The Next Generation of Connected IoT

Today, technical advancements such as lower-power chips, better connectivity, advanced artificial intelligence (AI) and machine learning (ML) are opening up Internet of Things use cases. (IoT) new. Applications in healthcare, manufacturing, and transportation are taking off.

A McKinsey report predicts that by 2030, IoT products and services will generate between $5.5 trillion and $12.6 trillion in value. However, IoT solutions come with complexity. These range from developing sensors that provide secure cloud connectivity to generating insights for end users. Semiconductor shortages and supply chain disruptions caused by the coronavirus pandemic continue to affect suppliers and manufacturers. Different ecosystems, IPs, technologies and standards have made today’s world of connected devices unfortunately fragmented and cumbersome. And developing simple, safe products continues to be a challenge.

To realize the future promise of IoT, industry leaders must agree on standards by which to align manufacturers and device manufacturers. Manufacturers of IoT products, software, hardware, and chips—whether they’re partners or competitors—will need to collaborate to create new features, products, and innovations and deliver them. to market faster.

IoT Growth Driver

Industry, business, and consumer needs are driving IoT innovation: as technological advances open up new use cases, several key industries are driving the growth of connected devices. connect. For example, factories and human health will account for 36% to 40% of the estimated unlock value by 2030, according to McKinsey.

Innovations in the four IoT-enabled technologies—chips, connectivity, security, and artificial intelligence—are helping to reduce costs and lead to better devices.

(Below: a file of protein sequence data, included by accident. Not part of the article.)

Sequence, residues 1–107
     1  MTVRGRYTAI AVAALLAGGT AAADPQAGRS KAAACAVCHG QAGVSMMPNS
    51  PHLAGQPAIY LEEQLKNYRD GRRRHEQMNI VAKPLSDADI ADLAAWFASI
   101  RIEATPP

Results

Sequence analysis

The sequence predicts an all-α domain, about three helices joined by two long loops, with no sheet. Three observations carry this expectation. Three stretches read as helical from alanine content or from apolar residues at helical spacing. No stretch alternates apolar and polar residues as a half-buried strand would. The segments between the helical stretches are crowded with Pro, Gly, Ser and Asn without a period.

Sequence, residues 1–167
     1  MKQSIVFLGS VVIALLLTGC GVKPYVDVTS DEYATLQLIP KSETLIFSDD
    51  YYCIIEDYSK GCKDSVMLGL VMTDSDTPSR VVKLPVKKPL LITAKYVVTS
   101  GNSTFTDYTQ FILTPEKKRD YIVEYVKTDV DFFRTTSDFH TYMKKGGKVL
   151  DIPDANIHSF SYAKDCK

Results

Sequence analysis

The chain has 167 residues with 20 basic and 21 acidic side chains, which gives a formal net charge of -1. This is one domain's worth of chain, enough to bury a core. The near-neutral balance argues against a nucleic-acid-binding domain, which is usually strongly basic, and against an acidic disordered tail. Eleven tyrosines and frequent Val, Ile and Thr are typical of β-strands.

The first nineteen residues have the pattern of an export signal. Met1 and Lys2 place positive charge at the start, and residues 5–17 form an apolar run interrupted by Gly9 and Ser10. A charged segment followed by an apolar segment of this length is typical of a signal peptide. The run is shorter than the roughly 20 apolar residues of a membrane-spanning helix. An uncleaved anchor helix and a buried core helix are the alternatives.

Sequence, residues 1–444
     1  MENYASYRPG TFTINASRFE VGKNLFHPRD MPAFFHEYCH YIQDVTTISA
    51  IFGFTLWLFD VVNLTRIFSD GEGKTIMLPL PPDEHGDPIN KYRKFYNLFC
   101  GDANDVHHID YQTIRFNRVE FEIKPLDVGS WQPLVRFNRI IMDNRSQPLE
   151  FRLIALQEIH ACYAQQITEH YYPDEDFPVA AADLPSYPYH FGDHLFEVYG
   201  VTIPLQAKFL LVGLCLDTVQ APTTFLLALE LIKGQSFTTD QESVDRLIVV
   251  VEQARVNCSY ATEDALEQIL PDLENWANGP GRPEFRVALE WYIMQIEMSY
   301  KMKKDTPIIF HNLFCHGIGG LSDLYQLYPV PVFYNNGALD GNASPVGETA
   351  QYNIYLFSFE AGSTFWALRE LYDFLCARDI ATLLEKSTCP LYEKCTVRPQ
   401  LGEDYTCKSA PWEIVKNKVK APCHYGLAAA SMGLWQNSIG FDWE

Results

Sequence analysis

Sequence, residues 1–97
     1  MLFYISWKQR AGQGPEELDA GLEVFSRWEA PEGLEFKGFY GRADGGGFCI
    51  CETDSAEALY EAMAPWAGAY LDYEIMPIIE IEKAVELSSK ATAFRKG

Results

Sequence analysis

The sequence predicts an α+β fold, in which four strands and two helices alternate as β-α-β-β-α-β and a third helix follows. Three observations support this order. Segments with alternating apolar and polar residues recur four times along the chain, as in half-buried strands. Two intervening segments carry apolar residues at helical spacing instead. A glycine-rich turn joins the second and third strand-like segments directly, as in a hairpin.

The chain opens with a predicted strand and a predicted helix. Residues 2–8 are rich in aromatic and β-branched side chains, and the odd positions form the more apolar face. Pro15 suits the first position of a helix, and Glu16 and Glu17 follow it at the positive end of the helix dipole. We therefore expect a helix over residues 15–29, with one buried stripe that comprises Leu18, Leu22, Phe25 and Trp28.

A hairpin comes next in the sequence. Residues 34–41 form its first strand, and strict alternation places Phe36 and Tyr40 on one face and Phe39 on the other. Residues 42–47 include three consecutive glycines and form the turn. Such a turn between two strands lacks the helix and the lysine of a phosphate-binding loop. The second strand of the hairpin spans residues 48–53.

Smaller, more efficient wireless processors and components will enable connected devices to penetrate deeper into key markets, such as consumer appliances, cars and vehicles , manufacturing and industry as well as human health. Improved networks lead to more reliable connections, opening the door to applications that were not possible before.

As interconnected devices prove their worth, demand will explode. Rob Conant, vice president of software ecosystem at Infineon, which provides software solutions and semiconductors to IoT companies, describes the spread of IoT applications from industry to industry, from fleet tracking in the 1980s, to industrial manufacturing and smart grids in the 1990s and 2000s. He sees the contagion continuing across many different businesses:

“Connectivity is being extended to more and more applications: pool pumps are being connected, light bulbs are being connected, even furniture is being connected,” he said. “So all of a sudden, companies that aren’t traditional tech companies are becoming tech companies because of the value propositions they can bring with IoT. It was a huge transformation in those businesses.”

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This content is produced by Insights, the custom content arm of MIT Technology Review. It was not written by the editorial staff of the MIT Technology Review.

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